The Covid-19 Baby Bump: The Unexpected Increase in U.S. Fertility Rates in Response to the Pandemic
We use restricted natality microdata covering the universe of U.S. births for 2015-2021 and California births from 2015 to August 2022 to examine the childbearing response to the COVID-19 pandemic. Although fertility rates declined in 2020, these declines appear to reflect reductions in travel to the U.S. Childbearing in the U.S. among foreign-born mothers declined immediately after lockdowns began—nine months too soon to reflect the pandemic’s effects on conceptions. We also find that the COVID pandemic resulted in a small “baby bump” among U.S.-born mothers. The 2021 baby bump is the first major reversal in declining U.S. fertility rates since 2007 and was most pronounced for first births and women under age 25, which suggests the pandemic led some women to start their families earlier. Above age 25, the baby bump was also pronounced for women ages 30-34 and women with a college education, who were more likely to benefit from working from home. The data for California track the U.S. data closely and suggest that U.S. births remained elevated through the third quarter of 2022.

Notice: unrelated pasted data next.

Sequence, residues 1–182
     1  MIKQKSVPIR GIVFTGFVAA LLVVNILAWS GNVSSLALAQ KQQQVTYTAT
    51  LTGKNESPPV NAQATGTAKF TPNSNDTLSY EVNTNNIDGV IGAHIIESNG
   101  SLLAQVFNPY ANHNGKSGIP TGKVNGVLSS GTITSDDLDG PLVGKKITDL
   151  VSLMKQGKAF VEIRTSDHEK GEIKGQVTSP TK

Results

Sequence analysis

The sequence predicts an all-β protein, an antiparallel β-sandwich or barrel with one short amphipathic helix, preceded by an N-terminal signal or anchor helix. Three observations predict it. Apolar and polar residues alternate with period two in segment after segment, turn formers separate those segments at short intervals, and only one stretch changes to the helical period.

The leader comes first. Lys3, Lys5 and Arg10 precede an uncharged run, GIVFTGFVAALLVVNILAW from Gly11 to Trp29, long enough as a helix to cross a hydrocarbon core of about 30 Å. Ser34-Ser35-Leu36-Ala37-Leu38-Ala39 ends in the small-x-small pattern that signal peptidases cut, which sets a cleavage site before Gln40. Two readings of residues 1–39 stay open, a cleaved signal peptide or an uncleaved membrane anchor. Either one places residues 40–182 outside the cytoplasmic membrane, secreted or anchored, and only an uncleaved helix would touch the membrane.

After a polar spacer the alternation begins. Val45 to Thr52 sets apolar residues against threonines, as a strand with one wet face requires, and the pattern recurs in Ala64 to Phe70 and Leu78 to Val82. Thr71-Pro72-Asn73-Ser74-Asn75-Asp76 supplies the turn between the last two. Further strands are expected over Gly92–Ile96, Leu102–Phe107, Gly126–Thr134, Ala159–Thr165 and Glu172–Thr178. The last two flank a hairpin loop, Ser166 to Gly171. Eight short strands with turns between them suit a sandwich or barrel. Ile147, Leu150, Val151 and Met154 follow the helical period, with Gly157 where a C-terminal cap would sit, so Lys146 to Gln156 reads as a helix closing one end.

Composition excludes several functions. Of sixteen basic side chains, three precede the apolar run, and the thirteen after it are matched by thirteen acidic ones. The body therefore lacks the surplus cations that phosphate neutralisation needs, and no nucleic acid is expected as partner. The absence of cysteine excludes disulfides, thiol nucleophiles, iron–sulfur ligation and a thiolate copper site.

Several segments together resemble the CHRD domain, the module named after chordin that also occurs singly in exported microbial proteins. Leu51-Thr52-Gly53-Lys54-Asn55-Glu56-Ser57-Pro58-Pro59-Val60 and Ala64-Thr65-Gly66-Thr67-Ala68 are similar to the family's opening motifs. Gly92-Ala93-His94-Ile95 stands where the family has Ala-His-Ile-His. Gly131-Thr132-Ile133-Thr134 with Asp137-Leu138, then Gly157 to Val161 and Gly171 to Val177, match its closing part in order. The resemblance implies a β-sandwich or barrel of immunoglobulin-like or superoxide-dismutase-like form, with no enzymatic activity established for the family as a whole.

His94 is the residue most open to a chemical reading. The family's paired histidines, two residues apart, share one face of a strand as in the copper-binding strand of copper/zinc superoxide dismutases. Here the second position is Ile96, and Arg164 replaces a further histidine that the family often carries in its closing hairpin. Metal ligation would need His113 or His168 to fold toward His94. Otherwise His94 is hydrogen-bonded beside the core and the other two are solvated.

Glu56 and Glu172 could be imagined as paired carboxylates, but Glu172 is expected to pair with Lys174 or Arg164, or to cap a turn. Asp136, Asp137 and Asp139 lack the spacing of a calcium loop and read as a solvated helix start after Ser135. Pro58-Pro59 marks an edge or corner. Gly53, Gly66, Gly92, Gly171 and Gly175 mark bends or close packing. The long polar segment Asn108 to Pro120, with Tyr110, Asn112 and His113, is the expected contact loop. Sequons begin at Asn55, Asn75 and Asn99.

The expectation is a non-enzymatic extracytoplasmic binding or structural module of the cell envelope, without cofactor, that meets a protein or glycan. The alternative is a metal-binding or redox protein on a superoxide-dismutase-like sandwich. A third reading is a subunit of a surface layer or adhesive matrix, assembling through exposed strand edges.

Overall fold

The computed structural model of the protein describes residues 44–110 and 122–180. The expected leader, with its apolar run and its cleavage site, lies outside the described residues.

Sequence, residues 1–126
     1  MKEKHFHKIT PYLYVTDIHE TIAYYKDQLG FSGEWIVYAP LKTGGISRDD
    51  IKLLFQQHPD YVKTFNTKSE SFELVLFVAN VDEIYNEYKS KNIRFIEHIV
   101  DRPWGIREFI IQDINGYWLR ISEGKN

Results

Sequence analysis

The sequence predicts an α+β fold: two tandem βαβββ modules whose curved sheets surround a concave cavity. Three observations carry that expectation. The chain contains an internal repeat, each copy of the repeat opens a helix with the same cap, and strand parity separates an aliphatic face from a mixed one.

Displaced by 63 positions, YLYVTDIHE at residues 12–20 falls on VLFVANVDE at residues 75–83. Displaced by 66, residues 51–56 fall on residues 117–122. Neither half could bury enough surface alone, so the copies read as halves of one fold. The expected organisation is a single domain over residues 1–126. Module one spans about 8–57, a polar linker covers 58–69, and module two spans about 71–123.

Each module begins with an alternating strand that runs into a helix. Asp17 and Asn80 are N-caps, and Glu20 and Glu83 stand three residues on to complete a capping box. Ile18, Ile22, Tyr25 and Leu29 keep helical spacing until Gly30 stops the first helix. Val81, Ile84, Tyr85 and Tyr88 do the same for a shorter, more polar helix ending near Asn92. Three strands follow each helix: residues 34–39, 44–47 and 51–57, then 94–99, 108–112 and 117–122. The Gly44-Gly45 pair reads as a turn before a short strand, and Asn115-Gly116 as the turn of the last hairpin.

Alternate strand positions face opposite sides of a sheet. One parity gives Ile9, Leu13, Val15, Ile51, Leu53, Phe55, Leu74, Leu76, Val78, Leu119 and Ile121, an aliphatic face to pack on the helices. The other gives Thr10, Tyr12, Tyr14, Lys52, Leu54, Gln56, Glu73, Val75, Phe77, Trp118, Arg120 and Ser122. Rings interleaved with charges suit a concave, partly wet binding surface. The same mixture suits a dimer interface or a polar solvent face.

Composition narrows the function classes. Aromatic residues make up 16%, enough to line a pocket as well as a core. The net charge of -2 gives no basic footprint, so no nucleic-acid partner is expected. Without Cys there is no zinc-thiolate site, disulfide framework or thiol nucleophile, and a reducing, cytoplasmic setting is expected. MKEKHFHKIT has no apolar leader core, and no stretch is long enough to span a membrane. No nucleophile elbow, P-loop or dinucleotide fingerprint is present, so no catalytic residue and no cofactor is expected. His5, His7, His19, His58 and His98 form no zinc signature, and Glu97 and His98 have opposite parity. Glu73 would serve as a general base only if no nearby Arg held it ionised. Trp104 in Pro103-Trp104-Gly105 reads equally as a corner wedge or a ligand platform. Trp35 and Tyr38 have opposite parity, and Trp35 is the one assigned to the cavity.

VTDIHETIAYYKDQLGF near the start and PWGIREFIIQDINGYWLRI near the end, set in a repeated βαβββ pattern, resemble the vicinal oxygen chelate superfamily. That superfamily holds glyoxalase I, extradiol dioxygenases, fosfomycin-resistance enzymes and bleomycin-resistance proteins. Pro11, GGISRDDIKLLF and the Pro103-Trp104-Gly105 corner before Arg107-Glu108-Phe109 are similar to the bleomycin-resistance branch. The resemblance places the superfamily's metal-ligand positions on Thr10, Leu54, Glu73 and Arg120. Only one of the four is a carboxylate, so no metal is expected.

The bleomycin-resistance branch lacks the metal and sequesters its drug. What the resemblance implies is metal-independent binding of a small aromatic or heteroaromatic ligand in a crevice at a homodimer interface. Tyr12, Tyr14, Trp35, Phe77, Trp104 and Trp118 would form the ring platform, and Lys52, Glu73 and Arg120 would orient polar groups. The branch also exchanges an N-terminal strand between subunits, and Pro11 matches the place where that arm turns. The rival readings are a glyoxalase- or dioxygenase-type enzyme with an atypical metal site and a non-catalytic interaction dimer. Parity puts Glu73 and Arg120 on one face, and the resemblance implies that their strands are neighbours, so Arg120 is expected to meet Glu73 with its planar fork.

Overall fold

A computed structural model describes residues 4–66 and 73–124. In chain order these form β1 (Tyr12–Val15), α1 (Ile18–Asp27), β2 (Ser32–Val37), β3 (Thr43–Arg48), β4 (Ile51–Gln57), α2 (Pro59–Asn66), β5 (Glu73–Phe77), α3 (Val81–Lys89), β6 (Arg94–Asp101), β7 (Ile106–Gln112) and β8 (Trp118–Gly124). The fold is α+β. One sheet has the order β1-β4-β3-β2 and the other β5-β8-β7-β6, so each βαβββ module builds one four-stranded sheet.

The analyses, interpretations, and conclusions in this manuscript are solely the responsibility of the authors and do not necessarily represent the official views of the National Center for Health Statistics, the California Department of Public Health, or the National Bureau of Economic Research. We gratefully acknowledge the generous support of the Institute of Policy Research at Northwestern University in acquiring the restricted California natality data, and the use of the services and facilities of the California Center for Population Research at UCLA (P2CHD041022). We are grateful for excellent research support by Beatrice Chao and Deniz Gorgulu.